In Judaism, the high holy days of Rosh HaShanah and Yom Kippur are preceded by the month of Elul, a time dedicated to repentance and preparation for the season. Rosh HaShanah—meaning “Head of the Year,” and celebrated as the Jewish New Year—is a solemn day, observed on the first day of the seventh Hebrew month, in the Fall. It is said that on this day, the Book of Life is opened, but will soon be closed again on Yom Kippur, the Day of Atonement. During this ten day period, known as the Days of Awe, it is taught that God makes His decision whether or not one’s repentance will be accepted, and he will be judged worthy to have his name inscribed in the Book of Life. On Rosh Hashanah the shofar (ram’s horn) is blown 100 times, because, according to the Talmud, the loud and repetitive sound of the shofar confuses Satan, preventing him from bringing any charges against Jews during the time of judgment.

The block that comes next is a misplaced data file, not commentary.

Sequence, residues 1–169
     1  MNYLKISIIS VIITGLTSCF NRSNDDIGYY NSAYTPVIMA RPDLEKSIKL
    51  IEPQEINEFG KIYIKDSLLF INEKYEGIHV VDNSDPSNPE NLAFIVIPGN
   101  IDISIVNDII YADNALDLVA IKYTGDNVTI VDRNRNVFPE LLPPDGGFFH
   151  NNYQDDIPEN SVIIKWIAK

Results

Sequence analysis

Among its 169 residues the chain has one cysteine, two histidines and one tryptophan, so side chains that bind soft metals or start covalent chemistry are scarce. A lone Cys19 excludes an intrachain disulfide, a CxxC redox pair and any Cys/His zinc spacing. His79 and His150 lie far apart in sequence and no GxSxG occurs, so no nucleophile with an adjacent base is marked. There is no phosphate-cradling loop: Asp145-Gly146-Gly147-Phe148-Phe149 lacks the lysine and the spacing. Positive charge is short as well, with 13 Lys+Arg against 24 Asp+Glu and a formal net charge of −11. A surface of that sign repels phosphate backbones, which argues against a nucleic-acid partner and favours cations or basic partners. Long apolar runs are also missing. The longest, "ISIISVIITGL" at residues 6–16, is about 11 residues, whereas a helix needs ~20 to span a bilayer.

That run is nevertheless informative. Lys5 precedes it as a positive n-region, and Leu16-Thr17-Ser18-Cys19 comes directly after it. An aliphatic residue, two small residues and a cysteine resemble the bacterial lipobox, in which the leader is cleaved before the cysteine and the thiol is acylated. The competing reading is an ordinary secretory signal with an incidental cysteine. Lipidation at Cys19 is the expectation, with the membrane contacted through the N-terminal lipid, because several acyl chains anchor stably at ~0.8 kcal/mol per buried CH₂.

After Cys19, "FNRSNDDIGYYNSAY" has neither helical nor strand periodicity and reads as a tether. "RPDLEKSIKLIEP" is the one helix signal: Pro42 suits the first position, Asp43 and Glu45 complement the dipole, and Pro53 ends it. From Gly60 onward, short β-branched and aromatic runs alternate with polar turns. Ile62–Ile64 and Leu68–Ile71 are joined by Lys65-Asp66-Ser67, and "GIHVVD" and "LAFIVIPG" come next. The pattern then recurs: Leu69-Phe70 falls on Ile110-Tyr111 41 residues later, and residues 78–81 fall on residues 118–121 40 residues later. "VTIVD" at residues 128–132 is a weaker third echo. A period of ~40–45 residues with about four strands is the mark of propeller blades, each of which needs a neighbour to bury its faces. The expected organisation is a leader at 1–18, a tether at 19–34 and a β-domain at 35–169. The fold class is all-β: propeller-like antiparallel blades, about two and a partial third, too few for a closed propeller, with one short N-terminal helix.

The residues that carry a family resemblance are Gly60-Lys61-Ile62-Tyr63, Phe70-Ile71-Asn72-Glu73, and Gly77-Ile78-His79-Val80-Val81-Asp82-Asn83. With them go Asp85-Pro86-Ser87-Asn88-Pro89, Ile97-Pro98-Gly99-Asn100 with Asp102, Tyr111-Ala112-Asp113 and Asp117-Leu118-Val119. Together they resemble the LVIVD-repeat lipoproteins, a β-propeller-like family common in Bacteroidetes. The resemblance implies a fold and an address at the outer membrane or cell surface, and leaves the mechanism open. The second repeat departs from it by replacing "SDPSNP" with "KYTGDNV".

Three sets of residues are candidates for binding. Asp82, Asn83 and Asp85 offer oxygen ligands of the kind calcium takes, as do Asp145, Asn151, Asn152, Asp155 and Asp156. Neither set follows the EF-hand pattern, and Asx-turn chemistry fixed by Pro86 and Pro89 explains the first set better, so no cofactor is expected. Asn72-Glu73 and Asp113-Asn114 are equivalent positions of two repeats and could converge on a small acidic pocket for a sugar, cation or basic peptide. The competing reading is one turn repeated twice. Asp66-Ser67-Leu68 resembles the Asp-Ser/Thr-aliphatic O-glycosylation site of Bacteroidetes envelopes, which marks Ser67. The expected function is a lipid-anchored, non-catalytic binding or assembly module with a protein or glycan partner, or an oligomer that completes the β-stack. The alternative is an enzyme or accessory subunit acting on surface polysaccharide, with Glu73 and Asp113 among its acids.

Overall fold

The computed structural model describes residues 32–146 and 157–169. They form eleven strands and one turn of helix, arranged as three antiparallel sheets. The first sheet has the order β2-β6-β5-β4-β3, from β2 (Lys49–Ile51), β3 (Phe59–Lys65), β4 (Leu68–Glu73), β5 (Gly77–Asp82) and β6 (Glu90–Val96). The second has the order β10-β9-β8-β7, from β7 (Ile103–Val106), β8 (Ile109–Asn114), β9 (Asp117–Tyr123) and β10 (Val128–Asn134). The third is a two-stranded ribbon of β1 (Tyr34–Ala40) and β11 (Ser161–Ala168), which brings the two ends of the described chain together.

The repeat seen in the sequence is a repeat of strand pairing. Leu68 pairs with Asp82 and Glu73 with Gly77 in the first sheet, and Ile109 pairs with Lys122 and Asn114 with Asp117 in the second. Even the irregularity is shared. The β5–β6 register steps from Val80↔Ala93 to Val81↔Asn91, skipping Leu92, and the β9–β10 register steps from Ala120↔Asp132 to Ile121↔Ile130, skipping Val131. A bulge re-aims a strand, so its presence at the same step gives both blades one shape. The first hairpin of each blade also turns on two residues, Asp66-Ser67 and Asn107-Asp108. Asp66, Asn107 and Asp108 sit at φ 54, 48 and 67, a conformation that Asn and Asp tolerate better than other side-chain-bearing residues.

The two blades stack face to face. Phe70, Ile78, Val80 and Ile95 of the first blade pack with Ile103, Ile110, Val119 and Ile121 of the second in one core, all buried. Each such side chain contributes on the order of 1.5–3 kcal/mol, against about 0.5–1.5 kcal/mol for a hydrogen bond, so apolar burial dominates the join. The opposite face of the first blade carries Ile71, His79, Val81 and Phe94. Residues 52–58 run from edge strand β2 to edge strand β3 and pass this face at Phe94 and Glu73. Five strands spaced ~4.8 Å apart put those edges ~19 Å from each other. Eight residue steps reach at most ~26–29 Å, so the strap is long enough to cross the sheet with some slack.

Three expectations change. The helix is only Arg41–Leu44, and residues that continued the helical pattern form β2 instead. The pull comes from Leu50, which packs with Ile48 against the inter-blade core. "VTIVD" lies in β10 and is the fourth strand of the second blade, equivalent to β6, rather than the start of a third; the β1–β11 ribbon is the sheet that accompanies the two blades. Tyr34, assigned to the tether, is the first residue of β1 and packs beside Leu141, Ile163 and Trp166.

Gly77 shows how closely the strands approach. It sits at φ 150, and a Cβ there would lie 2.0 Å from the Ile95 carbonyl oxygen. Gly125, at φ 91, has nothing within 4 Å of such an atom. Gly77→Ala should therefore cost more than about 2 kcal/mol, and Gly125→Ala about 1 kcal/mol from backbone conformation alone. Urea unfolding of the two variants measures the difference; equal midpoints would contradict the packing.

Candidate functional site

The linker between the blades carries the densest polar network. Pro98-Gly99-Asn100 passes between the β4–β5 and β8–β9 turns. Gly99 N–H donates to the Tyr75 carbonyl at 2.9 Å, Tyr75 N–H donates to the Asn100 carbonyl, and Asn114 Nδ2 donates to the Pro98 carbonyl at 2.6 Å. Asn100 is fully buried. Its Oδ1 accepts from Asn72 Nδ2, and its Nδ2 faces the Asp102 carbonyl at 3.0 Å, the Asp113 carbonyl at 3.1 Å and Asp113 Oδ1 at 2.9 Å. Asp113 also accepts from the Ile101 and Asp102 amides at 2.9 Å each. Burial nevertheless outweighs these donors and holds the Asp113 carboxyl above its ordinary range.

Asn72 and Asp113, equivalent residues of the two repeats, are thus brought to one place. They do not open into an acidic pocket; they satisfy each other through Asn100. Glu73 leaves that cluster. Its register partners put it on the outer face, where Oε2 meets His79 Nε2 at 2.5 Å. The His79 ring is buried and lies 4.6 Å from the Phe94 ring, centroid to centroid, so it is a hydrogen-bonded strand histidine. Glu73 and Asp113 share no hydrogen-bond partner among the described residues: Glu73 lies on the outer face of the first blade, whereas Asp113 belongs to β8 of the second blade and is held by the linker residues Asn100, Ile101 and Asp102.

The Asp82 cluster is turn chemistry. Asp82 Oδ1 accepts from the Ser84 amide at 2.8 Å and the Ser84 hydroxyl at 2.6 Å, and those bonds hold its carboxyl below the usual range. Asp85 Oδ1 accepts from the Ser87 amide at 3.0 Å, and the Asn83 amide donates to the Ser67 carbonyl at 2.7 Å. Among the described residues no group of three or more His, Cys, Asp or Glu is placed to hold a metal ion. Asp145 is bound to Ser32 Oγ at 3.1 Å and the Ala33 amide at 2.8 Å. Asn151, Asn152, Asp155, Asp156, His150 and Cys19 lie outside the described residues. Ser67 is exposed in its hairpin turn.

Unfortunately, not a single one of these teachings originate with Scripture Read more